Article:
Information about Sikkim
Sikkim is the India's twenty second smallest state located in
the north eastern part of India. Sikkim is spread over an area
of 7096 square kms and is known for the beautiful scenic
beauty. Bhutias, Lepchas and Nepalis are the different types
of people that resides in Sikkim. The customs and cultures of
these different communities present a very beautiful and
picturesque picture. The Nepalis called this state as 'Sukhim'
or the New Place, the Bhutias called it as the 'Demazong' or
the Valley of rice and the Lepchas called it as the 'Nye-mae-el
lang’ or the abode of the Gods. This state is bordered by the
Nepal in the west, Bhutan in the east, Tibet in the north and
West Bengal in the south. This state is divided into four
districts which are North, South, West and East district.
Gangtok, the capital of Sikkim is located in the East
District. Most of the population of Sikkim lives in the East
and South Districts. A large variety of plants, animals,
rivers, mountains, lakes, waterfalls are found in the state of
Sikkim than any other place in this world. The mountain peaks,
holy lakes, ancient monasteries, orchid nurseries and stunning
trekking routes have made Sikkim a famous holiday destination.
Right click to zoom in
Physical Features of Sikkim
Sikkim has a very rough topography due to which there are very
less flat lands in Sikkim. The rivers and mountains are the
main physical features that define the boundaries of the state
of Sikkim with its neighbouring countries. Besides the rivers
and mountains, the glaciers, mountain passes, lakes, hot
springs and waterfalls are also found in this region. The
Kanchenjunga mountain, one of the highest mountain peak in the
world is also situated in Sikkim. The Yumthang hot springs are
the famous hot springs located in Sikkim. These hot springs
are rich in Sulphur content and have high medicinal value.
Gurudogmar, Cholamu, Changu, Bidang Cho, Menmecho, Kechopari
are some of the lakes which are also found in Sikkim.
History of Sikkim
The glorious history of Sikkim can be known only after the
17th century. Phunstok, the great grand son of Guru Tashi was
consecrated as the King of Sikkim in 1642 by three holy men at
Yoksum. The kingdom of Sikkim was attacked by the Bhutanese
and Nepalis, which further led to the Chinese intervention.
Tsudphud Namgyal who became king in 1793 shifted his capital
to Tumlong. The Britishers also signed a treaty in Sikkim
in order to control the internal and external affairs of Sikkim.
Thutob Namgyal also shifted the capital to Gangtok in 1894. On
4th September 1974, the leader of Sikkim Congress Kazi Lendup
Dorji was elected as the Chief Minister of the state. On 16th
May 1975, Sikkim became a full fledged state of India.
Climate of Sikkim
The tropical and tundra climate is found in Sikkim. Some
of the parts in the northern, eastern and western
borders of Sikkim are covered with snow almost
throughout the year because of high altitudes.
Elevations of 16000 ft. and above remain snowbound
throughout the year whereas places as low as 8000 ft.
come within the snowline during the winters. In the
southern border, altitudes plummeting down to as low as
sea level full of rich tropical forests. The climate on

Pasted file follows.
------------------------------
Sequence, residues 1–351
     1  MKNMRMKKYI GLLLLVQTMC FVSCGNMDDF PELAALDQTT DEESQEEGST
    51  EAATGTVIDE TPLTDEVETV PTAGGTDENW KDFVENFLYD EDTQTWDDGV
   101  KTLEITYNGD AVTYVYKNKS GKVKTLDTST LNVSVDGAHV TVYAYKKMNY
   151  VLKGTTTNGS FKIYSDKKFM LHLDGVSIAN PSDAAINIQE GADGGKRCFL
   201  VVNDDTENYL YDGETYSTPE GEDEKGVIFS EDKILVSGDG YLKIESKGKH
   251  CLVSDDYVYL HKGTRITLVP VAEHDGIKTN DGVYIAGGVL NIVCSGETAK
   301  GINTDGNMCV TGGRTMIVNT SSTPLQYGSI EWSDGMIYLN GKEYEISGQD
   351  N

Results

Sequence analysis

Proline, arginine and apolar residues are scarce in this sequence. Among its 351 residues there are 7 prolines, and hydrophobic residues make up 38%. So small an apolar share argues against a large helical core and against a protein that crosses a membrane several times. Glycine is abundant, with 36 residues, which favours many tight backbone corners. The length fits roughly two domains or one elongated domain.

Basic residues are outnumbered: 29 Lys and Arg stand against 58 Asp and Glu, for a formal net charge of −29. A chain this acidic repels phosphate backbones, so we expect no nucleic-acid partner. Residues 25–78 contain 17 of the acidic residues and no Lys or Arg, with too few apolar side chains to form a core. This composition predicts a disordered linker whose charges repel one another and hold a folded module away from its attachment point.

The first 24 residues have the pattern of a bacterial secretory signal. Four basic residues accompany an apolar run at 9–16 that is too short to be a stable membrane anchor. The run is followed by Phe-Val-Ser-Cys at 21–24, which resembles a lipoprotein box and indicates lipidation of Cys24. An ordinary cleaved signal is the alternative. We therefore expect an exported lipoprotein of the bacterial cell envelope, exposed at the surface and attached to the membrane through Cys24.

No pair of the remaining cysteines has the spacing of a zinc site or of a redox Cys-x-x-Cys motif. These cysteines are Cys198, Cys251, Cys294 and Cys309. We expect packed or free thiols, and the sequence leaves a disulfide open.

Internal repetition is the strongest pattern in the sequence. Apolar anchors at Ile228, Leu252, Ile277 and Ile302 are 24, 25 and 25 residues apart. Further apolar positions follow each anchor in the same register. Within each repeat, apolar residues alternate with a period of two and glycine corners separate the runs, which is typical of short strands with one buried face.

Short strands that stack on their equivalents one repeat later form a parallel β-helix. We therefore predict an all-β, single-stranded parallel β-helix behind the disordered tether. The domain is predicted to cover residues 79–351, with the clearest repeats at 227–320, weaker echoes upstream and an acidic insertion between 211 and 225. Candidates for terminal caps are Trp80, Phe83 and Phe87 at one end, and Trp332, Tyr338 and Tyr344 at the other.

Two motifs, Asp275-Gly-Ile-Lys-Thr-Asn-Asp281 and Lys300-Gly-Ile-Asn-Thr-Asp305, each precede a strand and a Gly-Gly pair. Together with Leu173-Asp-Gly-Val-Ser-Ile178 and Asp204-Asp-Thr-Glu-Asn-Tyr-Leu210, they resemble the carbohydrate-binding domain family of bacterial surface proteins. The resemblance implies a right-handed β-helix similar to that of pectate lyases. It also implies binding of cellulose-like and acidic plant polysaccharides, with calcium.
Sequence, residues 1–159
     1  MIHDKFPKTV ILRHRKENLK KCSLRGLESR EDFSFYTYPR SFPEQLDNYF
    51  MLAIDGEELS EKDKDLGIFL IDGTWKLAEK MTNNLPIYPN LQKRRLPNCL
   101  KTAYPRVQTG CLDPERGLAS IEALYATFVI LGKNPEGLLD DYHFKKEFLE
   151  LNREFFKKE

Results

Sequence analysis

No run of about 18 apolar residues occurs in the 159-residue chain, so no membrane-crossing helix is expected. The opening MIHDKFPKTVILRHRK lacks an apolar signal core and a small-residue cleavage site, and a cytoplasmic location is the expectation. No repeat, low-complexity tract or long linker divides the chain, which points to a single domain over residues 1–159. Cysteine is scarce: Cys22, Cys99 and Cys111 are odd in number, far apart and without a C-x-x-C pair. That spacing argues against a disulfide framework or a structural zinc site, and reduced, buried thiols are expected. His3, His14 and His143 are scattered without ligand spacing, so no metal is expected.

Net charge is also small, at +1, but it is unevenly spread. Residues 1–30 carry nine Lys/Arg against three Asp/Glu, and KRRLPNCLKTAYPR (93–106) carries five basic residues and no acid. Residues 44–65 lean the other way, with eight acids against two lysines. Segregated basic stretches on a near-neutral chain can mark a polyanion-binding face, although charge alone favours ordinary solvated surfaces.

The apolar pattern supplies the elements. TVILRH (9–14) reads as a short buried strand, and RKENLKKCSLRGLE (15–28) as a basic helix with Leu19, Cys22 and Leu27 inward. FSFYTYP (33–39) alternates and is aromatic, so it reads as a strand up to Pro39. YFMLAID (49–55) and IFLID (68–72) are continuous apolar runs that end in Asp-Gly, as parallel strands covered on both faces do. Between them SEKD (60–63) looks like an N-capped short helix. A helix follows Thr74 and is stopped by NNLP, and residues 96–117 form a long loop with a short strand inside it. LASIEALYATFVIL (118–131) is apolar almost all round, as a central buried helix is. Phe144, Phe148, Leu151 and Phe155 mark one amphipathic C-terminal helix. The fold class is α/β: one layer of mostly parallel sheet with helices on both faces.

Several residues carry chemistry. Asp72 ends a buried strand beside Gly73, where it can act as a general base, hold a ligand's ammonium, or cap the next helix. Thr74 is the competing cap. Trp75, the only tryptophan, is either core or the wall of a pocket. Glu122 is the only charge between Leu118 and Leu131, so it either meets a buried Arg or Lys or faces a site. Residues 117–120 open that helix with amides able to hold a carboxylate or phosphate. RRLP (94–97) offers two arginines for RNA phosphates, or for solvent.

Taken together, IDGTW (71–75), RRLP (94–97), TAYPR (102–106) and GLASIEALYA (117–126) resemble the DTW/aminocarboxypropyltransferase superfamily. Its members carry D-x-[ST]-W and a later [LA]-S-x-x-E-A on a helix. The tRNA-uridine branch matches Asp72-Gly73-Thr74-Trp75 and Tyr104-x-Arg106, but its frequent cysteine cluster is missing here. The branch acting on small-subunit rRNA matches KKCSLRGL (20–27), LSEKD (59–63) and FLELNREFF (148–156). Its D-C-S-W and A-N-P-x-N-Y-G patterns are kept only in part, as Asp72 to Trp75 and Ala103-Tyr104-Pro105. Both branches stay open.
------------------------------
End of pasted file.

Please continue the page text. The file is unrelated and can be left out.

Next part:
the two opposite hill sides also varies considerably.
Here one can also experience the sunshine on the flat
Lachen valley studded with the beautiful Cholamu and
Gurudogmar lake and a hailstorm on the other
side in the
Llachung valley with its muddy lakes that feed the Donkiaachu.
The places in Sikkim with a moderate altitude have a more or
less good climate. During the springs and autumn the weather
is very pleasant. During the monsoons, there are torrential
rains and winters are very cold where the temperature even
drops below the freezing point. Due to the moderate to low
temperatures, woolens are required in Sikkim almost throughout
Temperature in Sikkim
The temperature that a particular place experiences varies
considerably with altitude. At places of low altitude, the
temperatures vary between 4 to 35 Degree Celsius. Places like
Gangtok with moderate altitudes of about 6000 feet experience
temperature between 1 and 25 Degree Celsius whereas at
altitudes above 10,000 feet, the temperature never rise above
15 Degrees Celsius and remains much below the freezing point
during the winters and great part of the spring and autumn.
Because of the moderate to low temperatures, woolens are
required in Sikkim almost throughout the year.
Rainfall in Sikkim
Sikkim is perhaps the rainiest place in India. Due to the
proximity of Sikkim to the Bay of Bengal and fact that the
mountains of the state come directly in the path of the
monsoon clouds, most parts of Sikkim experience torrential
rains during summers. Even during spring and autmn moisture
laden clouds formed due to local evaporation, continue to
batter a greater part of Sikkim. It is only during November to
February that there is hardly any rains and the weather
remains more or less clear. Rainfall varies considerably from
place to place because of the hill features. The northern
border of Sikkim experiences comparatively low rainfall
because the monsoon clouds dry out by the time they hit the
northern barrier. Gangtok registers an average of 325 cm
rainfall per annum whereas Muguthang in the extreme north
experience an average rainfall of only 60 cm per annumn. Most
of Sikkim does not experience high intensity winds.
Geology and Mineral Resources in Sikkim
Sikkim is said to have been under the ocean millions of years
ago and therefore the rocks are meta-sedimentary in nature.
The northern, eastern and western borders of the state mainly
consists of hard gneissose rocks whereas in the central and
southern parts the ground consists of thin and slaty
half-schistose rocks. The land below 10,000 ft is quite
fertile and fit for agriculture. Alluvial soil is found in
abundance on riversides making them ideal places for growing
crops. During the last century, extensive mining of copper
used to be done on the hillside below Pakyong at Pachekhani
but these mines have now been depleted of their copper content
and abandoned. Copper is found in Rangpo and is being mined
for the last 30 years by the Sikkim Mining Corporation.
Dolomite, Limestone and graphite have been found in abundance
in West Sikkim and are being now commercially exploited.